I had a hot date last night: dinner at the Stone’s Throw Cafe, followed by a short walk to the Morris Theater (everything is nearby in a small town), where we watched Captain Marvel. there was a good crowd there. Another virtue of small town living is that even when the new blockbuster comes to town, it’s no problem getting in — show up ten minutes before, maybe there’ll be a short line, but you’ll slide right through and get a good seat. We parked ourselves way up front, maybe the third row or so.
And then we saw the show.
No spoilers, don’t worry.
First, a criticism: the beginning was very non-linear, jumping about rather confusingly in the Vers/Carol Danvers story. For a while I was wondering if this was going to be a time-travel story, which would annoy me a lot, but then about a third of the way through it all clicked and Marvel’s origins suddenly fell into place. If you’re not familiar with Captain Marvel lore, as I wasn’t, bear with it, it will eventually all make sense.
But then, I’m used to disjointed comic book stories. In my youth, when I was really into comic books, I couldn’t often afford to buy them off the rack, and instead would go down to the local Goodwill store where they’d have a pile of old comic books they mainly wanted to get rid of, so they’d sell them at 20 for a dollar (I was so annoyed when they raised the price to 10 for a dollar). Forget continuity, I’d come to the end of a Fantastic Four cliffhanger and then the next comic in my pile would be a Baby Huey or something. Adapt or die, man.
Minor spoiler: Baby Huey does not show up in this movie.
Anyway, once I got on track it was a good, fun story. It’s not a deep cinematic masterpiece, but as long as your expectations are focused on appreciating a solid genre story, you’ll have a fine time. In particular what I liked about the movie is that it really returns to superhero movie roots: she’s a good person with super powers who cares about other people, including aliens, and exhibits empathy. It reminded me a lot of that first Superman movie with Christopher Reeve — it inspired hope in humanity rather than the usual angsty “let’s watch people fuck up a miraculous opportunity and suffer while demolishing a city”. I kinda need that now and then, because I already have a tendency to lapse into grimdark attitudes.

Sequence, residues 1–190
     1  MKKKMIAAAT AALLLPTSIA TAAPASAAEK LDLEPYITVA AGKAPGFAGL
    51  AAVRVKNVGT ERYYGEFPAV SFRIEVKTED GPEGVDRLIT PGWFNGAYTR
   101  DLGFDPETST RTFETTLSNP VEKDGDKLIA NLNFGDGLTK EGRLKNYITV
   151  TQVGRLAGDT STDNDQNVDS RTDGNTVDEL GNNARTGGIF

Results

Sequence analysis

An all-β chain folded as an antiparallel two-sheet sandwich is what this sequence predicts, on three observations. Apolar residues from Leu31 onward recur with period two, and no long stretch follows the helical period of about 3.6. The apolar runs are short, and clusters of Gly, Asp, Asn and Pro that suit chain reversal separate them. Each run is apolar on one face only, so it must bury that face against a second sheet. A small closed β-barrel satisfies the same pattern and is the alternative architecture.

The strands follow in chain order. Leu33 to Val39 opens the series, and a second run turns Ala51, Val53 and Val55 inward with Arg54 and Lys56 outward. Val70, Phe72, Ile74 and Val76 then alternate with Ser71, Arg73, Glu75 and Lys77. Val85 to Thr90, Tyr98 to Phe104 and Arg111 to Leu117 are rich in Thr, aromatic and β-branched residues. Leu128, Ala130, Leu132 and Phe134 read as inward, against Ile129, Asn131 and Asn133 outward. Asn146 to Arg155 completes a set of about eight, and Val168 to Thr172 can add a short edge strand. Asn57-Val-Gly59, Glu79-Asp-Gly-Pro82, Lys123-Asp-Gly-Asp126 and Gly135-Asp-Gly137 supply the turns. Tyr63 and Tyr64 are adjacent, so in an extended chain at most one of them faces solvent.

It’s a good sign for the next big blockbuster out of the MCU, because the Infinity War thingie fully embraced the grimdarkness with a depressing ending, and all the trailers for the Endgame movie are similarly discouraging. Captain Marvel is going to be key to wrapping up that story line, I think, and she’s bringing light and hope. Or at least, she better.
Another good sign: we sat through the end credits (it’s an MCU movie, you have to), and when it finally went black and got up to leave, the entire theater was still full, and everyone was smiling and talking happily. This was also a community event, with little kids in the audience, college students, old geezers like me, and you could just tell from everyone’s expressions that they’d had a good time. It’s a relax and feel good sort of movie.
Also, about the cat…a lot of reviews are talking up the role of Goose the cat. That’s fine, but while he has a few crucial moments, it’s not a big central part of the story. I also wouldn’t call it comic relief. Goose has some anatomical elements that made me very happy, but otherwise, despite the different coloration, he made me think of my cat: dangerously hostile and with peculiar digestive habits. I’m thinking of trying that trick of holding her up, aiming her at my enemies, and giving her a little squeeze.
Maybe we’ve adopted a flerken, rather than a cat. Holy crap, suddenly everything clicked again and it makes so much sense!
Also, a video review!